Prior to the Tax Reform Act of 1976, the maximum marital deduction was one-half of the adjusted gross estate. This marital deduction provision, which was enacted as part of the Revenue Act of 1948, Pub. L. 471, 62 Stat. 110, 80th Cong., 2d Sess., was designed to accord equal estate tax treatment in community and non-community property states. S. Rept. No. 1013, 80th Cong., 2d Sess. (1948), reprinted in 1948-1 C. B. 285, 304-305. To effectuate parity of treatment, the maximum deduction was reduced to reflect the inclusion of any community property in the gross estate. Thus, prior to the Tax Reform Act of 1976, the maximum allowable marital deduction for an estate that consisted entirely of community property would have been zero. S. Rept. No. 1013, supra, 1948-1 C. B. at 345.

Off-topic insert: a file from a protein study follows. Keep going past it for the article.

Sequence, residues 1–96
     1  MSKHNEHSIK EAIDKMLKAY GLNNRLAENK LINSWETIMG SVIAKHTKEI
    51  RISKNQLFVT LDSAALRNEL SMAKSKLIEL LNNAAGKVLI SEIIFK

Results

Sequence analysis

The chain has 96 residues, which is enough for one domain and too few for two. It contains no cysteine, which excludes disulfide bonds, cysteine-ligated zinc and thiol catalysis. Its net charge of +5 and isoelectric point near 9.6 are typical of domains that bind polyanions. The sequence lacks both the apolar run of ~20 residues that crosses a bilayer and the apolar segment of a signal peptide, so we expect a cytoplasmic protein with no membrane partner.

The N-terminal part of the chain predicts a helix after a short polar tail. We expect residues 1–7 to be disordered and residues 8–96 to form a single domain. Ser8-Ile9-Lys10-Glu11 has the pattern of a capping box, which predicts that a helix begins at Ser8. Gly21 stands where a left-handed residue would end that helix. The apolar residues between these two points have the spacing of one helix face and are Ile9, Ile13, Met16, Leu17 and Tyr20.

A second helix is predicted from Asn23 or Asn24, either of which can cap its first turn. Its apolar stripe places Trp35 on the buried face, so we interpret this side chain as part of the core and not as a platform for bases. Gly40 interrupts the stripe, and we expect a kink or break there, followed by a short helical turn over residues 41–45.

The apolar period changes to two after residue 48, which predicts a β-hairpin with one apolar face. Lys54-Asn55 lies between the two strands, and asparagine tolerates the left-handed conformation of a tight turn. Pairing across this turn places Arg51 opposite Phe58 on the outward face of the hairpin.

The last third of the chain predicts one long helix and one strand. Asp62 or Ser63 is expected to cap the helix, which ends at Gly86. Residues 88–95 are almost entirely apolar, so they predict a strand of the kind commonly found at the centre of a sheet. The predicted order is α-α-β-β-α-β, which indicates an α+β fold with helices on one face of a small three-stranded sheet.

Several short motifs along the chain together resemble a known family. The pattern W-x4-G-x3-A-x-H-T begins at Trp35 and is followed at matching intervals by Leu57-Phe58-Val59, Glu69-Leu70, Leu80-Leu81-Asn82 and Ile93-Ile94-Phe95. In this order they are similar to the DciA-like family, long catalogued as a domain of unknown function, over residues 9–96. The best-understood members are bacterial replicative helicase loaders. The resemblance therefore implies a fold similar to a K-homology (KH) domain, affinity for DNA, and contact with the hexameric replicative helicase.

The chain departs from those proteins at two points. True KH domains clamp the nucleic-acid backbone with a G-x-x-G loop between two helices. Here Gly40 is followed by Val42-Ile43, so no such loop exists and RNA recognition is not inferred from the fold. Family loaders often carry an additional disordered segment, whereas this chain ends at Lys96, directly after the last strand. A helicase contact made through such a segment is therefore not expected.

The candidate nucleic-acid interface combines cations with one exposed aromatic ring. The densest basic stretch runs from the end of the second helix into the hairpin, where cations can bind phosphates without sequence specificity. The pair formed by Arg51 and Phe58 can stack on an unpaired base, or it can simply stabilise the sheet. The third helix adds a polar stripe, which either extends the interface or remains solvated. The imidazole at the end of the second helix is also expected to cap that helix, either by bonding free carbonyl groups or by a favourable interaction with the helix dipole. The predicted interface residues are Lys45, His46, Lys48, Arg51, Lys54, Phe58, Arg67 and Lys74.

In 1976, the quantitative limitation on the maximum allowable marital deduction was increased to the greater of $250,000 or one-half of the adjusted gross estate. Pub. L. 94-455, 90 Stat. 1854. The legislative purpose behind increasing the limit was the belief in Congress "that a decedent with [49 TCM (CCH) 777] a small or medium sized estate should be able to leave a minimum amount of property to the surviving spouse without the imposition of an estate tax." H. Rept. No. 94-1380 (1976), 1976-3 C. B. 735, 751. To maintain parity in the application of the new liberalized provision in both community and non-community property states, the 1976 provisions require that the $250,000 limitation (as well as the limitation of one-half of the adjusted gross estate) must be adjusted to reflect the community property content in any given estate. As a result of the 1976 changes, an estate that consisted entirely of community property, but which amounted to less than $250,000, might be entitled to a limited deduction under section 2056.